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Paperclip Leblanc Contrabass Clarinet low D

#1
Note from Pete, Your Humble Admin: I moved this thread to the Clarinet forum because it veered off topic from just a sale to some interesting CBC and CAC musing. Please put other sales threads in the correct place.

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I may be able to part with my beloved paperclip for $3900.
It's been worked on by Lee Kramka at Saxworxs and it plays great.
Here are some vids of me playing it.
http://www.youtube.com/watch?v=KbGMJcxVp8k
http://www.youtube.com/watch?v=54ULsOU9PNU
http://www.youtube.com/watch?v=WZh6efi7dvU
http://www.youtube.com/watch?v=g6ibEgW-7Mg
http://www.youtube.com/watch?v=FwXvN6Rvo9o
 
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Heckelphone

Double Reed CE
Staff member
CE/Moderator
#3
Not so fast!

You know, of course, that Leblanc is no longer making these. All of the lower clarinets are now out of production, and they are planning to redesign the contra when they reintroduce it in a few years.
 
#4
You know, of course, that Leblanc is no longer making these. All of the lower clarinets are now out of production, and they are planning to redesign the contra when they reintroduce it in a few years.
I didn't know that , I wonder if Eppelsheim had anything to do with the decision to stop production or the redesign ? I think his design is considered better.
http://www.eppelsheim.com/kontrabass_klarinette.php?lang=en
How'd I miss this. Inspired playing Bob.
Thanks Gandalf ,
 
#5
I'm looking for a BBb

If it's still for sale.
 
#6
Hi Semiconducter
yes it's still for sale and if you're in the bay area you are welcome to come try it out. I've been playing it lately and it sounds great. I have some new videos of it in the can that I hope to get out soon.
 
#7
a friend of mine broked recently the upper body of his Vito/Leblanc resonite straight contrabass clarinet, and we could get from Selmer-Conn a new body, i noticed that on catalog they have only straigt models one in resonite and another one in brass black nickeled
no more paperclip, do you still sell yours?
 
#8
That's interesting.
I would have thought that if Leblanc were to discontinue a contrabass it would be the straight one.
The paperclips are really much more practical for recording and ensemble use.
---
I also have a plastic straight contrabass. They are fun to play but you have to be extremely careful with them. I think they are marketed to the schools which is the last place they should be.
Danial Dietch , the clarinet repair guru of San Francisco , Did as much tweaking as possible on my straight contra but he said to never touch the rods.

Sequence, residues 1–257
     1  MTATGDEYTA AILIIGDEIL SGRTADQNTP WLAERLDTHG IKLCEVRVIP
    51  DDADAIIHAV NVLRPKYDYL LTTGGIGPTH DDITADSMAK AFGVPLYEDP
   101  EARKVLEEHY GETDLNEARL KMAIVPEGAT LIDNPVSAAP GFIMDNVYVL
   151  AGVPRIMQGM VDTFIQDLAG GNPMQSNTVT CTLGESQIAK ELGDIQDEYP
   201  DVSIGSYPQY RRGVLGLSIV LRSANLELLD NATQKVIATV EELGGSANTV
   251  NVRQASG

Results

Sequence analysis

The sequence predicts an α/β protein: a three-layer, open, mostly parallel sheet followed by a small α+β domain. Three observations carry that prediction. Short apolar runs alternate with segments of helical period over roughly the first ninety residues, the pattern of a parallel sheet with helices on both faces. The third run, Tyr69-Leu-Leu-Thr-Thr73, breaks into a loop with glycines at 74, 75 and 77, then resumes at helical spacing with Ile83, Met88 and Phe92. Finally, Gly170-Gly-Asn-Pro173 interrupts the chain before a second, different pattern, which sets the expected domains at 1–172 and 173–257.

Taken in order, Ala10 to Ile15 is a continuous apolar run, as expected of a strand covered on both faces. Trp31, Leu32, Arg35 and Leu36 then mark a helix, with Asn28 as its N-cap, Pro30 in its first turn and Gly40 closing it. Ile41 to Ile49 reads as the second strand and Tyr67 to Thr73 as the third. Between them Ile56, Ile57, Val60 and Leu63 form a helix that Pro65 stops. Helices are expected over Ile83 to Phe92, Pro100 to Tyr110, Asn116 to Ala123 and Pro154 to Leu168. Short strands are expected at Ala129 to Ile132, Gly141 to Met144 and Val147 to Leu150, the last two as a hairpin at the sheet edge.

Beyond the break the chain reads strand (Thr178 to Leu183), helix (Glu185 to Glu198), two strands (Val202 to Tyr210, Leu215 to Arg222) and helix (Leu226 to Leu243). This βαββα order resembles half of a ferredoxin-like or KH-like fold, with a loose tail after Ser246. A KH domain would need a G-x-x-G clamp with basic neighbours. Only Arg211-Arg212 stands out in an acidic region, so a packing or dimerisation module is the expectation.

They are made of soft material that is easily bent.
I've finally figured out how to handle the instrument without touching the rods but it took awhile.
Long story longer -- buy a used paperclip and if you're in San Francisco you're welcome to try mine.
 

Heckelphone

Double Reed CE
Staff member
CE/Moderator
#10
No contras at present

As far as I know, Leblanc is not making any low clarinets at present -- even basses. I understand that there are plans to reintroduce basses in another year or so, and a "redesigned" contra a year or so after that.

In the meantime, you'll just have pick up an Eppelsheim ;-)
 

pete

Brassica Oleracea
Staff member
Administrator
#12
... but it's really, really pretty ....
 

SOTSDO

Old King Log
Staff member
CE/Moderator
#13
That's an awful lot of tin for a horn that is (at the very best) only marginally useful.

There might be a few folks who do movie and television work who might have need for such a beast, but their numbers could (and can) be counted on the fingers of one hand. The parts that they play aren't very demanding, and for such marginal work "good enough" is a better value than "only the best".

Orchestral use of the contra-clarinets is so limited as to be a once-a-year demand. (And, the vicious economics of being a professional musician will almost certainly ensure that any such parts are performed on a borrowed, cheap Bundy than on an exquisite piece of work like an Eppelshiem.)

If I had call for a contra on a regular basis, I'd find myself a decent second-hand Leblanc "paperclip". The straight horns that I've played over the years (including the up-end Selmer "professional" model (as if there is such a thing as a professional contra-clarinet player - a professional "clarinet player", yes, but not a professional, exclusively contra-clarinet player) just have not measured up to the wonderful Hovenagel design that mistakenly found its way into Vito's clutches.

True, they are not the easiest thing to keep in regulation, but when jam up and jimmy tight they are a joy to play. Plus, they fit in a normal sized car without tearing up the headliner.
 

pete

Brassica Oleracea
Staff member
Administrator
#14
Y'know, I've never had the opportunity to compare a straight contra to a paperclip -- I only played the latter, a Leblanc to low C -- I would have thought that a straight horn would be better. The Leblanc I had had a tube-to-tube brace that was always breaking and that also meant that the key "bridges" from one tube to the other were constantly being thrown out of adjustment. While I admire the paperclip design -- especially in the form of the Eppelsheim -- I just think it's overly complex.

But, as said, I've never had the opportunity to compare.

As far as pricing goes, that's a bit less than the various Tubaxes and contrabass saxophones that Eppelsheim sells, IIRC, and those horns are used a lot less than a Bb contra clarinet. The Selmer straight contra clarinet is $22K and the Vito (low Eb) is $4K. (I do find it interesting that Buffet has an Eb contralto, but no Bb contrabass.) In other words, the Eppie isn't badly priced ....
 

SOTSDO

Old King Log
Staff member
CE/Moderator